A Birmingham recycling firm has been ordered to pay almost £100,000 in fines and costs for commercial and industrial waste offences, prompting it to move to a bigger facility.
Weir Waste Services Ltd, with a site in Bordesley Green, was fined £46,250 and ordered to pay £50,000 costs at Birmingham Crown Court for breaching its environmental permit and failure to comply with an enforcement notice.
The company, which operates a permitted waste transfer station off Doris Road, admitted both offences in a prosecution brought by the Environment Agency (EA).
According to the agency, the amount of commercial and demolition waste stored at the site exceeded the permit limit over a three-month period, with charges brought under the Environmental Permitting (England and Wales) Regulations 2010.
Officers initially found the excessive amount of waste during a site audit in November 2012. The EA then served a Regulation 36 enforcement notice after the company failed to reduce it, which meant the company had until January 2013 to comply.
After stockpiles further increased, the EA served a suspension notice in March, preventing the company from bringing any more waste on to the site. The site was then cleared in a short period.
The offences were said to be aggravated by the company continuing to accept waste when it knew the amount on-site was already over the permitted level.
But the judge said Weir Waste had co-operated and engaged with the EA, so the sentence was reduced because the company had pleaded guilty.
The court heard the company now intends to move operations to a new facility to ensure the problems are not repeated.
After the case, EA deputy director Lisa Pinney said: “The EA will take strong enforcement action when companies continue to store grossly excessive levels of waste even after they’ve been warned they must improve.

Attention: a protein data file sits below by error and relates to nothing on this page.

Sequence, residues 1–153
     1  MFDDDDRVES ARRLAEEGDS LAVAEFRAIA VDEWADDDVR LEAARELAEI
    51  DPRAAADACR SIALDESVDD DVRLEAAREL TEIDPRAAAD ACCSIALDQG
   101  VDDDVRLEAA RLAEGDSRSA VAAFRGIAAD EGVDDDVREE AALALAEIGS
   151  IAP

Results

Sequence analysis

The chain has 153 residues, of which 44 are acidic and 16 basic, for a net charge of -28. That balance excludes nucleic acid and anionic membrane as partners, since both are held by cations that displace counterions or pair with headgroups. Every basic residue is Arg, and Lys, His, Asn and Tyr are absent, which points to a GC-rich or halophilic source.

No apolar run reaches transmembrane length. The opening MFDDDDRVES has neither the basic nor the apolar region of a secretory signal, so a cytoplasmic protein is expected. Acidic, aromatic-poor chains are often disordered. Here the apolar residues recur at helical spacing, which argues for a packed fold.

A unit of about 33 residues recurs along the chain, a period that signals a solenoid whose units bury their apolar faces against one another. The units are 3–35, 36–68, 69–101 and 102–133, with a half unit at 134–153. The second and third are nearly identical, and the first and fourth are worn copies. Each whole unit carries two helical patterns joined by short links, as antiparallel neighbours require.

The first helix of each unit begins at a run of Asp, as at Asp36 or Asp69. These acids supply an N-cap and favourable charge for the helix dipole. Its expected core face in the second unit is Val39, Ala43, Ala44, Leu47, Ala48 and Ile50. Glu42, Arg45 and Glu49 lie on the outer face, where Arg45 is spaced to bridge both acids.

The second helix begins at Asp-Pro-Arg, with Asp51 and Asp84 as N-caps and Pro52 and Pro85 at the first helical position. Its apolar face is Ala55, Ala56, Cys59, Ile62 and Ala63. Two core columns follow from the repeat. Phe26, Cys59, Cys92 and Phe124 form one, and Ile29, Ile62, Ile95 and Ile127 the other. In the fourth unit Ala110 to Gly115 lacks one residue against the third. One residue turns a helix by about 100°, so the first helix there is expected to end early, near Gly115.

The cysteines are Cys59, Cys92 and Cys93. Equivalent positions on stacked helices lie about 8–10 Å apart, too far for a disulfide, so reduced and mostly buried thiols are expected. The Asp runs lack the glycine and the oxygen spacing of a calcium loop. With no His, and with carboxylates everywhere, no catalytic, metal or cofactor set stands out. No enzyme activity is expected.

“We do everything we can to protect the environment, and this case sends out a clear message that we will not hesitate to prosecute as necessary when environmental damage is caused.”
Weir said its breach of storage limits was caused by the “perfect storm” of poor weather conditions and a series of mechanical failures at its Bordesley Green satellite site.
Managing director Daniel Weir said: “A full review of the management operating procedures has been undertaken and improved procedures implemented to address the concerns of the EA. But Weir considers it necessary to tackle the root cause of what the court considered to be an unworkable site.”
The company has now moved its operations to a £10m recycling and recovery plant (below) at Trinity Street, Oldbury, which opened in 2013.
Trinity street facility
Weir Waste Services is a founding member of the National Resource Consortium, which is set to launch next month. The NRC is a group of independent smaller recycling companies set up to bid for national commercial waste contracts.